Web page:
'Aquaman' actor Amber Heard told jurors in a defamation case on Monday that she filed for divorce from Johnny Depp in 2016 because she worried she would not survive physical abuse by him.
More than 260 Ukrainian fighters, including some who are badly wounded, were evacuated Monday from a steel plant in the ruined city of Mariupol and taken to areas under Russia's control, the Ukrainian military said.
The rising cost of fuel is complicating the nearly month-long search for a missing Saskatchewan boy continues.
Saskatoon Police Service says all of the 189 contact interviews conducted by its officers last year complied with policy.
Former Sask. Party MLA turned Independent Nadine Wilson and former federal Minister of Agriculture Gerry Ritz are both involved with the 'Saskatchewan United' movement.
With the heavy rain Winnipeg has received, many homeowners are finding cracks in their foundations undetected during the previous two years of drought.
Friends and colleagues are remembering David Milgaard, a justice advocate who died over the weekend.
Some busy beavers have been taking a toll on a Winnipeg neighbourhood's tree canopy, prompting a group of residents to work with the city to save the trees.
Calgary police said in a statement issued Monday they have identified a suspect wanted in an incident that resulted in the death of a Calgary mother of five.
Johnny Gaudreau and Matthew Tkachuk weren't even born the last time the Calgary Flames and Edmonton Oilers met in the Stanley Cup Playoffs, but they still understand how much the Battle of Alberta means to fans of both teams.
The Calgary Chamber of Commerce says each playoff game in the city brings in about $3 million in revenue.
The Alberta man accused of first-degree murder in the deaths of a 24-year-old woman and her 16-month-old child is due in court on Monday.
Starting Tuesday, eligible Albertans will be able to renew their driver's licences and identification cards online using the province's eServices platform.
Former Edmonton Elk Eddie Steele has been reunited with his stolen Grey Cup ring.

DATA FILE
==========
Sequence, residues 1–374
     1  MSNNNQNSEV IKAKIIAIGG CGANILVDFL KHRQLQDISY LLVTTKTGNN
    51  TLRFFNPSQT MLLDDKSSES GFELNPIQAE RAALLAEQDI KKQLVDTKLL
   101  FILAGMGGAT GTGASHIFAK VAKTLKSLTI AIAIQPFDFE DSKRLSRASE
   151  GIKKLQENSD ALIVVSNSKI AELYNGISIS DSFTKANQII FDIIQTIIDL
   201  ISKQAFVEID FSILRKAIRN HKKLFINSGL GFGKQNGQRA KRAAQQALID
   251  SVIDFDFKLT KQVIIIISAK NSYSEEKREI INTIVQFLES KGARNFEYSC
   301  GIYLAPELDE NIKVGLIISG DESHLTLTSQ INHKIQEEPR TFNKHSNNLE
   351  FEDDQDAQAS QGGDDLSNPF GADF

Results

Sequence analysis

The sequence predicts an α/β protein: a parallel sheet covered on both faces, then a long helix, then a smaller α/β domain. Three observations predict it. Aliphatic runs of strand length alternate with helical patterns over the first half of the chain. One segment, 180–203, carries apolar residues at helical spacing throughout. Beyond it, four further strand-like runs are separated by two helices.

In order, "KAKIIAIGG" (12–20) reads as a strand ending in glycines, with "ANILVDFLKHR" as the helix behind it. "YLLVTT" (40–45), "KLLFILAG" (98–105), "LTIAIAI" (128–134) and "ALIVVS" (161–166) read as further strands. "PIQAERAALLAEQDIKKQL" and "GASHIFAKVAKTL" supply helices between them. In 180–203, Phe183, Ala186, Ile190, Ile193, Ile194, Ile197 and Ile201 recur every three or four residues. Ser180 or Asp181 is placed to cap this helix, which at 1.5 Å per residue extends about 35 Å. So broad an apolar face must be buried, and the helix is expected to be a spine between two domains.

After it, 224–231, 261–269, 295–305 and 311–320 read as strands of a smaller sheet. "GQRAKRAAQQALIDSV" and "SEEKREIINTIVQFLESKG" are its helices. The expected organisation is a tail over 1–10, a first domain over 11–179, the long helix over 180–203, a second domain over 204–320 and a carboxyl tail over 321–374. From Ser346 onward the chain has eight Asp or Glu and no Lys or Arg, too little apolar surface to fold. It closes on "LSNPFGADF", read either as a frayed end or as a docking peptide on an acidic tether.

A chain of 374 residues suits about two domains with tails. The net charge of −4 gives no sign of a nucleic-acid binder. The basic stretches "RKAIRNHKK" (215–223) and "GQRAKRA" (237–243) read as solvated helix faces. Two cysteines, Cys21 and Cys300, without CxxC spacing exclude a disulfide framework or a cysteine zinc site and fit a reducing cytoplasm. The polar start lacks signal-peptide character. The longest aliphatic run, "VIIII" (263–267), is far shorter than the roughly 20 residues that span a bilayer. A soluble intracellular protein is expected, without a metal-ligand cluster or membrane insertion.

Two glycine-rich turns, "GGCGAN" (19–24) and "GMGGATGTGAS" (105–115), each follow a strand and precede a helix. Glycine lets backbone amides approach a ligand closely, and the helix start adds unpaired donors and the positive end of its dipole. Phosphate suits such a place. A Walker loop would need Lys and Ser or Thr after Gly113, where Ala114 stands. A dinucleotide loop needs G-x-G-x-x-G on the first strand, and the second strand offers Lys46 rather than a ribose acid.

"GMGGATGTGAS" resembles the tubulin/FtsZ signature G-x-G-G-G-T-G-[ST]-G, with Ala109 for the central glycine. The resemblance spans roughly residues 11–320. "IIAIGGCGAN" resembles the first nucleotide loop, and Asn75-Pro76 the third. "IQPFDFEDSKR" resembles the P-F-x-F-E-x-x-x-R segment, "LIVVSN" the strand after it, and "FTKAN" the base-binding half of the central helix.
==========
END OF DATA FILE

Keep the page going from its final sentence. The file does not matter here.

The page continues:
The Ontario election leaders' debate kicked off Monday night with Progressive Conservative Leader Doug Ford squaring off against Liberal Leader Steven Del Duca.
The Canada Day main stage will be at LeBreton Flats park just west of downtown Ottawa this year, not on Parliament Hill.
Western University's Northern Tornadoes Project says a landspout tornado occurred east of Ottawa during Sunday's severe weather, making it the first confirmed tornado of the 2022 season.
For now, you can just call her Chick D-22. She’s a rare Northern Spotted Owl being raised by foster parents Bella and Jay in B.C.
The B.C. SPCA has rescued dozens of cats and kittens from a Surrey home where they were allegedly subjected to “extremely unsanitary” conditions.
B.C. resident facing charges for allegedly feeding bears, coyotes for 'months': conservation officers
A resident of British Columbia could face charges for allegedly feeding bears and coyotes in West Vancouver, provincial conservation officers say.
Quebec coroner calls for independence in public health director role in final report on long-term care home deaths
The government of Quebec needs to ensure the role of the public health director is independent and without any 'political constraint,' a Quebec coroner has recommended in a final report into deaths at long-term care homes during the pandemic's first wave.
As moving season approaches, the ongoing housing crisis is on the minds of many Montrealers seeking a new place to live.
The Bloc leader said that Trudeau's Liberals should 'mind their own business' and that they were talking out of both sides of their mouth by attending the protest while saying they believe in the protection of French.
Victoria police say they arrested six youths on Friday night and two on Saturday amid a crackdown in the city's downtown core.
One of Canada's most successful Second World War flying aces, James "Stocky" Edwards of Comox, B.C., has died at the age of 100.
The City of Nanaimo is warning residents to be on the lookout after a mother bear and her two cubs were reported in two recent sightings.
The RCMP's treatment of their tactical team in the days following the April 2020 mass shooting in Nova Scotia was characterized as "absolutely disgusting" Monday during testimony before the public inquiry examining the killings.
The mother of an Indigenous woman shot by New Brunswick police in 2020 told a coroner's inquest Monday that less than two hours after she was awakened by an officer seeking her daughter's address to check on her safety, police returned with news that her daughter had been killed.
The emergency department at the Glace Bay Hospital has been closed since July of 2021, and it’s unclear when it will reopen.
Mine Mill Unifor Local 598 says staff at some of the area's long-term care facilities and nursing homes may have been exposed to cytotoxins.
The Waterloo Regional Police Service has released the name of a man they say could have information on the suspicious death of an eight-year-old boy in Cambridge.
DEVELOPING | Crash investigation underway in Kitchener
Police are at the scene of a crash on Westmount Dr. in Kitchener. CTV News cameras saw a bicycle with a bent wheel at the scene.
Tanti, 27, was stabbed during a confrontation outside a downtown Guelph bar on MacDonell Street around 2 a.m. on February 29, 2020.